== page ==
On one level Built may refer to the physique of the lithe and buff Mason (a smirking, smoldering Justin Bernegger), who upon initial introduction in what follows as a series of unexpected turns of plot and action, takes money from Mrs. Back (a nuanced, intense, and relentless Merritt Janson). We anticipate that this older woman has hired this young man for sex. However, as the first intrigue is stepped up and intensifies, we discover this is wrong. Nothing and no one is who or what they seem. Mrs. Back and Mason have a long standing relationship. Not only does this couple enjoy tormenting, teasing, and preying upon one another, the undercurrents in their personalities reveal that their bonding in the past has heralded a psychological and perhaps physical sadomasochism. Both have enjoyed and been repulsed by what only they could have elicited from each other’s twisted, unwholesome beings.
On another level Built refers to the intricate structure of what Mason and Mrs. Back have created between them. Are they in love? Are they playacting? Are they gaming one another? Are they titillating one another as foreplay? Have they gotten together to relive moments that actually nurtured each other’s souls or destroyed them? Perhaps. On the other hand, the playwright shocks us with the revelation that Mrs. Back was Mason’s teacher when he was in high school. She was both lured and set up by Mason, who holds a power dominance over her. And yet, she holds a power dominance over him. The two are obviously deeply attracted to each other, even now, ten years later, and yet they are filled with anger and hatred and vengeance toward one another. One of them must win in this struggle toward the ineffable, and away from the unholy. One of them must now be the victim. In that both will be victimized by the action of revenge.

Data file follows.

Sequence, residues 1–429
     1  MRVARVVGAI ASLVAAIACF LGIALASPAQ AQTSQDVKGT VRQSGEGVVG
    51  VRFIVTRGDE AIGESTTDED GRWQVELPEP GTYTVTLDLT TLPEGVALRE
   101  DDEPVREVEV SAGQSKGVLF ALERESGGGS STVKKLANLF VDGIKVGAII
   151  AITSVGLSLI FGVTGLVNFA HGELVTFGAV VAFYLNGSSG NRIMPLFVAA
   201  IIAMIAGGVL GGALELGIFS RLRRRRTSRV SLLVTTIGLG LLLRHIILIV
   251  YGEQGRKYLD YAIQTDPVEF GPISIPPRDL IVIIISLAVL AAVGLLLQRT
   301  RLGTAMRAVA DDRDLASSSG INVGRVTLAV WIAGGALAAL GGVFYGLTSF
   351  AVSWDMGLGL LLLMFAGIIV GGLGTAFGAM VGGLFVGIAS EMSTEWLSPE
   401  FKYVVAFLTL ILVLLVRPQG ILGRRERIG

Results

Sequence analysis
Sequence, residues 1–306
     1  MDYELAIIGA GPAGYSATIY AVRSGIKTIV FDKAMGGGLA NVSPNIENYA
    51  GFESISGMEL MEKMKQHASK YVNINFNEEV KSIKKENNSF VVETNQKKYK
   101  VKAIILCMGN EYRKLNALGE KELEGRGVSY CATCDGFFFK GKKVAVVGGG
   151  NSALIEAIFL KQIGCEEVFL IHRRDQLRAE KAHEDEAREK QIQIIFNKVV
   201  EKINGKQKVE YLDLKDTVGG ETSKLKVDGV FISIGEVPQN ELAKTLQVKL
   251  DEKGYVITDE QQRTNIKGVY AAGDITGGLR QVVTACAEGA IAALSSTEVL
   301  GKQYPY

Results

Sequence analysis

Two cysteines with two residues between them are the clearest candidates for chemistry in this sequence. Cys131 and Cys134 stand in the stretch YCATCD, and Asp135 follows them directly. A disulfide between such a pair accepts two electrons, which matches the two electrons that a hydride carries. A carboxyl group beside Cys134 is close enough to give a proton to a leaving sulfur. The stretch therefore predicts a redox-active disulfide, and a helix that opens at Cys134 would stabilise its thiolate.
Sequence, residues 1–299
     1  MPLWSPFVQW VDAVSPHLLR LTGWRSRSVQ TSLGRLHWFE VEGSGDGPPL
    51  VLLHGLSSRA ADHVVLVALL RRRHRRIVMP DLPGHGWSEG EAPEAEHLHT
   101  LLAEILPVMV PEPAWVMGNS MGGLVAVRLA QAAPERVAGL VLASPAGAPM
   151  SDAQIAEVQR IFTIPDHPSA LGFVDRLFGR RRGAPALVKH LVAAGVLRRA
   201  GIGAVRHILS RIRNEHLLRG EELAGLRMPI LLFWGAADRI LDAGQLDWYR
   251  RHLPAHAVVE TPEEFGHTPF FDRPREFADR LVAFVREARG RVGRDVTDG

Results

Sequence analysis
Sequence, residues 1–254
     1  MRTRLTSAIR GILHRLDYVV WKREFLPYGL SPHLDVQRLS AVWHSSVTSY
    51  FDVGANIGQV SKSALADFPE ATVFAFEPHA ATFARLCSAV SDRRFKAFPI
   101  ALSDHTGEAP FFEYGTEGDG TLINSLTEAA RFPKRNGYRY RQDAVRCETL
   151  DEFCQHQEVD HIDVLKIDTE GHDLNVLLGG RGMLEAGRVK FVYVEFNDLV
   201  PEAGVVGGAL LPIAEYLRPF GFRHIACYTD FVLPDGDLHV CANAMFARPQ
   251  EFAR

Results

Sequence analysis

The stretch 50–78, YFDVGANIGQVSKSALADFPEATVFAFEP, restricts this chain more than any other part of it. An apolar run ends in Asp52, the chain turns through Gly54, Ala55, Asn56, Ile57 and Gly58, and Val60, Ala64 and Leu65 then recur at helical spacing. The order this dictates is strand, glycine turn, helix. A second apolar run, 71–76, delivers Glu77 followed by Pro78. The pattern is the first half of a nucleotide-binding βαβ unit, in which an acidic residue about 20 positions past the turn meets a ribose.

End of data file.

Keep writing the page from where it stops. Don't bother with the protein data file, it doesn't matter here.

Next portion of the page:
Where these two will tango next is what playwright O’Hara who is also the director, enthralls us with in a moment to moment sniffing and circling of animal intelligence ready to pounce. When the final truth is exposed, because the actors have pulled out all the stops and the writing is so rich, we cannot believe our ears and eyes. Can this be true? If it is, then most probably these two will meet again, though on the surface, it appears that this is an impossibility. Yet, patterns of behavior between individuals die hard and it doesn’t appear that either Mason or Mrs. Back have done the work to initiate wholeness or health in their psyches or souls. The torment and sickness will most likely continue. The dance may abate for a season, but there is a bond that appears lasting in its twisted torment. It is the multi-layered depth of this tie of enslavement that cannot be easily broken, despite Mason’s final plunge to end “it all.”
O’Hara and the actors have created a riveting production, though one might assess that the ending is contrived to surprise. But the complexity of characterization and the fine performances keep the play afloat and away from the quagmire of judging it as artificial or assessing it for its plot and conflict only. The relationship between these two characters is profound and layered, and from that themes emerge about the nature of relationships and the substance contained in the glue that melds couples. At times, the cohering elements are sinister and malevolent. Sometimes the nefarious is what attracts, excites, and mesmerizes a couple toward paths of self-destruction that are psychic and sexual. As the playwright reveals in Built, out of the self-destructive actions, patterns of need are created that forever imprison. Despite the extreme lengths individuals may go to to sever the damaging circularity of self-harm, wholeness cannot be achieved especially when there is only vengeance, and forgiveness isn’t an option.